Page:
In the category of “a book your pastor recommends” for the #vtReadingChallenge, I read Peace Like a River by Leif Enger. It felt like cheating to read a novel for this category–shouldn’t it be a book on marriage, or theology, or prayer, or even another Bible commentary?–but Pastor Andrew asked whether I wanted fiction or non, and when you give me that choice I’m going to choose fiction every time. Well, almost every time. I do choose to read non-fiction occasionally, just because I know it’s good for me.
The only copy of Peace Like a River that was available at the library was in large print. This factor produced a slight divergence from my normal reading experience. At first I was afraid I would not like the book simply because the huge letters distracted me too much. I got used to it pretty quickly, though. In fact, at some point I realized that by forcing me to read more slowly (I normally read fairly quickly, though I’m not a “speed reader”), the large print actually helped me savor the book more. And this really was a book worth savoring.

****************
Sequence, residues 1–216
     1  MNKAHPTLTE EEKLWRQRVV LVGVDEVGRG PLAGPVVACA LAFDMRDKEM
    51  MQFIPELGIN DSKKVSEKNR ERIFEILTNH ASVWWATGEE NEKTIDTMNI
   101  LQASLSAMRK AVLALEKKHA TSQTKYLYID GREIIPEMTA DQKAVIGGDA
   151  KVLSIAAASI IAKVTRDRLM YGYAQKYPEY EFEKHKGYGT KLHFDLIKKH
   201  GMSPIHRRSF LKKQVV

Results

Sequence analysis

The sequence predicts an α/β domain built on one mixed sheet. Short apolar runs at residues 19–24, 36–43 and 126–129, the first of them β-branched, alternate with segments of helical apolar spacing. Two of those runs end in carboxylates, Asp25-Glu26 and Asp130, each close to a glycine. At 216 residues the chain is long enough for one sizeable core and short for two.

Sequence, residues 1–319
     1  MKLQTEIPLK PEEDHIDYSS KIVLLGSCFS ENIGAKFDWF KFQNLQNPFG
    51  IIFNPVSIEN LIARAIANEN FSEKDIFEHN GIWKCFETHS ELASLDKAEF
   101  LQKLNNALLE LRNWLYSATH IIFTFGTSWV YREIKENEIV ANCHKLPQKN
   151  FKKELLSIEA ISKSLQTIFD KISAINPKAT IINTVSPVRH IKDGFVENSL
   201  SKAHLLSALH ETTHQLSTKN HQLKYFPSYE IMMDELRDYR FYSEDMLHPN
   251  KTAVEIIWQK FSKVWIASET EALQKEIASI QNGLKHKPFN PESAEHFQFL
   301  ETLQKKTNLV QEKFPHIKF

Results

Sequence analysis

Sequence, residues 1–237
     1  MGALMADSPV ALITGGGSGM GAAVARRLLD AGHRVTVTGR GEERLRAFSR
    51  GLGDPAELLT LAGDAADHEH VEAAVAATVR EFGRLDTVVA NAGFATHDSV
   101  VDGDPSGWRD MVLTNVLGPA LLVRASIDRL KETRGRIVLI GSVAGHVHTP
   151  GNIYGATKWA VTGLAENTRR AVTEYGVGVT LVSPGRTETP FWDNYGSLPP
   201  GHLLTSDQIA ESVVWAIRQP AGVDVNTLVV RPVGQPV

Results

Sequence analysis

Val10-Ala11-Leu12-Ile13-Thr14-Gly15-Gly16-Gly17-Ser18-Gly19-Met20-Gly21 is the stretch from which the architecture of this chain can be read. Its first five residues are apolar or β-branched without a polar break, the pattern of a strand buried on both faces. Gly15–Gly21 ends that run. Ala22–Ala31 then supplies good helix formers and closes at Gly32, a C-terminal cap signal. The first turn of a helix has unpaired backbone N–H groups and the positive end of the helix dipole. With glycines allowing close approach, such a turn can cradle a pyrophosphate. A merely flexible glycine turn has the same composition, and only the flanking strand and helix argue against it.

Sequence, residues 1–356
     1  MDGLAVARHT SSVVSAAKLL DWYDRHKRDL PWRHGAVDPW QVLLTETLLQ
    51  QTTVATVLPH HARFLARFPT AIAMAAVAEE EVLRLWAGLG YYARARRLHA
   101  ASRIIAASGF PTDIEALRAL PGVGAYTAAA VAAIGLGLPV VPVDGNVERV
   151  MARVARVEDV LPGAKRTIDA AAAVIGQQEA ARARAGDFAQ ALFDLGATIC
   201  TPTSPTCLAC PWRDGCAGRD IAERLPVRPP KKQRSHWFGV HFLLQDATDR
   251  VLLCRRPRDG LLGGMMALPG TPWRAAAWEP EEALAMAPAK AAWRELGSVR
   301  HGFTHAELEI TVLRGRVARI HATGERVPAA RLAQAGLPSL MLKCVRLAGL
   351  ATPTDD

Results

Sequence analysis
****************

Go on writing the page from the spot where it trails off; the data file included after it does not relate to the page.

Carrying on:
My favorite aspect of the book was the mixture of heavy life-and-death themes with the silliness that you would expect from an eleven-year-old narrator and his nine-year-old sister. For instance, a lengthy ballad that the sister composes conveys her deep wrestling with the family’s struggles as well as a ridiculousness that is almost inevitable when romantic nine-year-olds write poetry. This approach allowed the author to deal with extremely weighty topics without making the book feel either flippant or lugubrious.
Peace Like a River is a beautiful piece of writing with a compelling storyline, stellar character development, and a lot of fun along the way. If you’re going through a difficult time and need some help seeing the bright side of life, or if you just want to read a good, well-written story, this book is for you.